Placement of Equipment:  Most of the time spray pads/parks are set up in zones depending on children’s ages.  Usually divided into 3 zones – toddler play, medium action and high action play zones, the right design can entertain children from 1 year of age to over 10 years of age, and some of you adults out there too, as long as you have a plastic mug with a margarita.

Safety:  The splash pad areas drain off immediately, making them “zero-depth” and eliminates standing water and risk of drowning! These parks accommodate the young children who haven’t learned how to swim just yet. Although some very shallow depth pools also integrate water cannons, mushroom showers and dumping buckets. Other criteria to consider for safety are slope grade, drainage, trip hazards, water flow rates and large diameter stainless steel components to discourage climbing.

Budget:  Developers have budgets, of course! When designing a splash pad / spray park / water park, Kudela & Weinheimer considers the overall site which will contain the splash pad and the developer’s specific requirements for water usage (see below). Splash pads start out with a ‘baseline’ cost of the underground system that you cannot see. However, there are several ways our firm can design splash pads to stay in budget; designing  in phases so that the splash pad can be made bigger and better as more funds become available, determining the size and number of components and design for minimal maintenance. Kudela & Weinheimer will never sacrifice the quality of the equipment or materials, which might end up in increased maintenance and repair costs!

Water Administration:  There are a few popular ways to use and/or reuse water on these structures. 1. Potable water that drains to a waste system and uses fresh water each time. This reduces any risks that may be associated with unclean water. This is not usually a good option for large spray parks or parks looking to maximize water conservation.  2. Re-circulating systems are similar to treatment systems used in pool facilities. Water is drained to a holding tank, filtered and chemically treated through one of the following procedures: chlorine, chlorine plus ultraviolet [UV] light, CO2).  A lot of thought goes into the planning of water consumption, to help conserve resources. 3. Controllers and Activation systems: Most splash pads use controllers for activation of the water jets. Of course there can be timing activators and activators used by the children where they push a button to get the water going.

Taking all of the above criteria into consideration, Kudela & Weinheimer can creatively design a splash pad that is fun for all ages but attainable for the developer’s budget and site requirements.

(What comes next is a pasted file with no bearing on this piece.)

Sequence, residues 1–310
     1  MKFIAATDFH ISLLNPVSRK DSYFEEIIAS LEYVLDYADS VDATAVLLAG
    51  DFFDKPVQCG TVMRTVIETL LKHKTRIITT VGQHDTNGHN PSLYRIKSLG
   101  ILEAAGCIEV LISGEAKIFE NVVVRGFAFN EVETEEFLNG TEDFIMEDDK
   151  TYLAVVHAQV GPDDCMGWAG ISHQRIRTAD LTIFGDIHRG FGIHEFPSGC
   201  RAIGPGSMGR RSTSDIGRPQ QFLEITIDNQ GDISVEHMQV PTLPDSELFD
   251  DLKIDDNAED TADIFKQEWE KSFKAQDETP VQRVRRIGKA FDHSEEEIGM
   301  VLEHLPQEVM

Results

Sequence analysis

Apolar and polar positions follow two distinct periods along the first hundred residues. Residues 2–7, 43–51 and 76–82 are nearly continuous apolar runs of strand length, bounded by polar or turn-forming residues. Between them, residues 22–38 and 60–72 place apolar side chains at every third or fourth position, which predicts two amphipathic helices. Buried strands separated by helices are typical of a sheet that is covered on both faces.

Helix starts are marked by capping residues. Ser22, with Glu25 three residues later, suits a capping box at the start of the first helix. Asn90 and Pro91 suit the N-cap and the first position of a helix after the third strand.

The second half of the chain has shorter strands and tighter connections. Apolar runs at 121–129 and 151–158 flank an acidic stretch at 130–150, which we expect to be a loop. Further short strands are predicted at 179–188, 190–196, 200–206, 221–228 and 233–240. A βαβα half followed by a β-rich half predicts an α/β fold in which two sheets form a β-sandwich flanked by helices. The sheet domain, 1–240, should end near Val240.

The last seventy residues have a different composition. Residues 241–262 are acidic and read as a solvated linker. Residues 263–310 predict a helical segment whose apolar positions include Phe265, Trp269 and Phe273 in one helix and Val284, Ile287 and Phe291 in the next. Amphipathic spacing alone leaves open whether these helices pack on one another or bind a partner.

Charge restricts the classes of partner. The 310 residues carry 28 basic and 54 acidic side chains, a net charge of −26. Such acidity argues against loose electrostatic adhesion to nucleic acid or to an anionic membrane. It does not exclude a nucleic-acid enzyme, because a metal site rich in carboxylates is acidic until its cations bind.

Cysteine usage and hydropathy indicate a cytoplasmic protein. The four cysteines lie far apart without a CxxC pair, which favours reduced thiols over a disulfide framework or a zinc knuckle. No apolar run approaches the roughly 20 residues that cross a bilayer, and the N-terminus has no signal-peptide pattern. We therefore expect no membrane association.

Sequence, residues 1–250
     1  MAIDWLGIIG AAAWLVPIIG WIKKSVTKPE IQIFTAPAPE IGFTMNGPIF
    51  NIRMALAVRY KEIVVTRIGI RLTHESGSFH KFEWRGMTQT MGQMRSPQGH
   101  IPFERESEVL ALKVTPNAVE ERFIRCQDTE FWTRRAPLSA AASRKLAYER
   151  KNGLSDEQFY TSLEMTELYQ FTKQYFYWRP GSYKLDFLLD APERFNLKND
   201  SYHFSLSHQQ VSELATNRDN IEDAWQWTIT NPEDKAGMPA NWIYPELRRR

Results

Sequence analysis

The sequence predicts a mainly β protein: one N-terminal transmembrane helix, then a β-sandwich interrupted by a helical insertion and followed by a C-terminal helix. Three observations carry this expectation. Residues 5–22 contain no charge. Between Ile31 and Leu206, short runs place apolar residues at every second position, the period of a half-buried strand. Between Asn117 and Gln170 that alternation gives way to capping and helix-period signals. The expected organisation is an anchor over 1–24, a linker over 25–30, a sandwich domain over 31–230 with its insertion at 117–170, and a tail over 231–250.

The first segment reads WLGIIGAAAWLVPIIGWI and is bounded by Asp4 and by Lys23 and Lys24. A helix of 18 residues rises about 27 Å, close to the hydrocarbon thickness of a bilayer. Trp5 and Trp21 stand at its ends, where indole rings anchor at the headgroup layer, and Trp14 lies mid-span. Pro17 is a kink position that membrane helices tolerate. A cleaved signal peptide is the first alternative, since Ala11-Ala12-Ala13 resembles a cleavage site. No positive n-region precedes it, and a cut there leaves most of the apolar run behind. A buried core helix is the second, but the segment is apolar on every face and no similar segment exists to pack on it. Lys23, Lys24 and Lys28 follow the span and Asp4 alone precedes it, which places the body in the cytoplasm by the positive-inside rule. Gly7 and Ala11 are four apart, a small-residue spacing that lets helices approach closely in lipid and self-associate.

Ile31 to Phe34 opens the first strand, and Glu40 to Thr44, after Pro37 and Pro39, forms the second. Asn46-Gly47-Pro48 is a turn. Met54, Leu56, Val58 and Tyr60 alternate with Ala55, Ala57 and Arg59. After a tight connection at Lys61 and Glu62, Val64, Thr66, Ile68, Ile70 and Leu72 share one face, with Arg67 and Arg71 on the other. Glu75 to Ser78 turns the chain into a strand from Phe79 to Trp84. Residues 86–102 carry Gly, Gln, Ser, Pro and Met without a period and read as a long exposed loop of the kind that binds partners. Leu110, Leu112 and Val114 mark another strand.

For developers the really different aspect to splash pads is that by Texas code they are not required to be fenced – although we usually fence them to prevent vandalism -and can be separated from the pool area for access all year if the weather is nice (Houston happens to have many nice days outside of pool season)! That brings up another point, splash pads can usually be maintained by the same company that maintains pools and needs about the same level of attention.

And that’s how landscape architecture for splash pads is done!

Kudela & Weinheimer has recently designed and finished construction administration for the new Fairfield Community splash pad with adjacent dog park and recreation center (construction drawings came from the San Antonio office); Lakes of Savannah splash pad; Oak Crest splash pad; and Auburn Trails splash pad and Eagle Springs recreation center and splash pad, which hasn’t been built yet. Visit our website to see more parks and community design.

In the Bisnow Multifamily News

MULTIFAMILY MONDAY – Real Estate Bisnow (HOU).

Kudela & Weinheimer makes the Bisnow news! We are honored to have been mentioned in the Houston Bisnow e-publication as the first article for this June 18th edition.

In fact, even though we weren’t mentioned we are also working with Ziegler Cooper on the 3 projects for Gables also mentioned in this e-publication! Working with Ziegler Cooper Architects is great, and having a good collaboration with the building architect is necessary to create a successful project.

 

 

Heigh-Ho, Heigh-Ho, It’s Off to Work They Go